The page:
Take the 2-minute tour ×
Pets Stack Exchange is a question and answer site for pet owners, caretakers, breeders, veterinarians, and trainers. It's 100% free, no registration required.

How long do cats remember places and people? I will leave the house in the next months for half a year or so. Will my cat remember me when I get back?

share|improve this question
2  
I expect a bunch of anecdotal answers here (which is fine), but I'd also be interested if real studies have been done. –  Cedric H. May 1 at 9:06
    
Indeed, anectodal: I spent three years away from my parents' home. Within a minute of returning there, I was sitting on the couch with all three cats wanting my attention. That said, I'm the only one who is "nice" to them (ie. gives them attention whenever they want it even at the expense of what I'm doing at the time) so perhaps that has something to do with it. Happy memories and stuff. –  Niet the Dark Absol May 1 at 14:21

3 Answers 3

up vote 18 down vote accepted

Cats do remember places and people, although where/who they remember, and for how long, is variable (just like humans).

There's been some research on feline short-term memory, but I could find less information on long-term memory.

This article is rather poorly referenced, but does make some statements about long-term memory that it claims are research-based:

Researchers have discovered that there is not much difference between how a cat, a human, or another animal's brain utilizes certain cues to assist in the creation of short and long-term memories. A cat's brain functioning has been compared to that of a two to three year old child and, when compared to a dog, a cat's memory is almost 200 times more retentive. Without repeated and reinforced training, a dog's memory span is about 5 minutes. Cats, on the other hand, averaged about 16 hours, only IF the activity benefited THEM.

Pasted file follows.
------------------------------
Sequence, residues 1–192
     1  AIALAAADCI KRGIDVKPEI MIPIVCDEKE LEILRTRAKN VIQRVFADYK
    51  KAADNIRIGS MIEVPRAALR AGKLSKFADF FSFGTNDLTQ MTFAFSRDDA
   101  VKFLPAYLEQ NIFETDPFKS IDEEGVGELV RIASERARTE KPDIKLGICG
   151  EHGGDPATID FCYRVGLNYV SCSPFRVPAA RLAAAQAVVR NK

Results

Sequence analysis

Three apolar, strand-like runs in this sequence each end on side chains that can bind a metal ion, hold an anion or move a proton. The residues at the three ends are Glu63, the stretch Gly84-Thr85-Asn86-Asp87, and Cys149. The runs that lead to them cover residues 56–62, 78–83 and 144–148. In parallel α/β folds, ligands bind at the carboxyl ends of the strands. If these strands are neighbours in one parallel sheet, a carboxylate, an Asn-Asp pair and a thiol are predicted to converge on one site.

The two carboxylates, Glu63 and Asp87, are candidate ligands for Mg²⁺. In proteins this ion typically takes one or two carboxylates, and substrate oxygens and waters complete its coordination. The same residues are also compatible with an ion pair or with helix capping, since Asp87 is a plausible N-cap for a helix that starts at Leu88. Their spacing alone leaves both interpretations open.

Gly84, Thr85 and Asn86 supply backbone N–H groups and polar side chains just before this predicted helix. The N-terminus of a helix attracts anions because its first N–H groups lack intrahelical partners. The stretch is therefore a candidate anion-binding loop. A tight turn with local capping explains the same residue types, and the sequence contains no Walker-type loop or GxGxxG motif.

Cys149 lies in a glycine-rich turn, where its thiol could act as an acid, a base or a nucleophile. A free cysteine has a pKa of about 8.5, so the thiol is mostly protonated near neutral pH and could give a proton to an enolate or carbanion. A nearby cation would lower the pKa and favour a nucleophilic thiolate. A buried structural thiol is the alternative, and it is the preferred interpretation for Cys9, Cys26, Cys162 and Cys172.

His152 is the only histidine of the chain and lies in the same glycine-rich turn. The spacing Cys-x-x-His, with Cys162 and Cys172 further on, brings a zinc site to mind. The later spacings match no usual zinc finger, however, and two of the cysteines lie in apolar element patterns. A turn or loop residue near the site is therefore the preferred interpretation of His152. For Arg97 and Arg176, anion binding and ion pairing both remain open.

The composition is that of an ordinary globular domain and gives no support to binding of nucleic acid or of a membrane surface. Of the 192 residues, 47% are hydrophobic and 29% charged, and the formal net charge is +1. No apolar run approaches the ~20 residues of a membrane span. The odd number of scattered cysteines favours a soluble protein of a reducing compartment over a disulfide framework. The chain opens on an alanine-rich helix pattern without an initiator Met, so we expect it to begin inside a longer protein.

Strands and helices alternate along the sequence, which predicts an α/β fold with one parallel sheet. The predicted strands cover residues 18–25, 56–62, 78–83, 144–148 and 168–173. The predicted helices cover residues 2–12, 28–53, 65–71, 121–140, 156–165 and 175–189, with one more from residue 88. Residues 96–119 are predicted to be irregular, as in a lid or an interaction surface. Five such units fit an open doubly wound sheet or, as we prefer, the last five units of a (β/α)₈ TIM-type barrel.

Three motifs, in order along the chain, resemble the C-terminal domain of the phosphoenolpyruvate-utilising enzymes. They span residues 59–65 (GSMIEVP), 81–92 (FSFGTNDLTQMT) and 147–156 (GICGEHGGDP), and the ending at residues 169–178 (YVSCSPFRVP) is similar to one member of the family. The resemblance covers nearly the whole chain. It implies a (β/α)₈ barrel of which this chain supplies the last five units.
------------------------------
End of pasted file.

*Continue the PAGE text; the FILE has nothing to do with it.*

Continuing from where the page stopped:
and

A cat's long-term memories are directly related to experiencing pleasure (benefit) or displeasure (pain, fear or threat). For example, it takes a long time and a lot of patience to gain the trust of an abused or neglected cat. If they suffered physical or mental abuse from a man or child, then they will associate that memory with all men and all children. The same holds true for positive experiences. Every time a cat receives affection, praise, or a treat for doing a specific activity, it is logged into their memory as "a good thing" and they will continue to use it to their benefit.

The inevitable anecdotes

I believe that I've experienced cats remembering me years after we have had prolonged interactions. One example is a roommate of mine that I lived with about 10 years ago. His cat is not generally friendly, but we got along very well, and I was one of the few people the cat would actively seek out (i.e. he would climb in my lap and sit there while I pet him). After my friend moved out, there were periods of 1-2 years in between my visits to his new home, and when I would come over, his cat would still come and climb in my lap for petting. Over times, my visits have unfortunately become less frequent (I moved out of the area), and while the cat still seems to remember me, he is not as friendly to me as he used to be.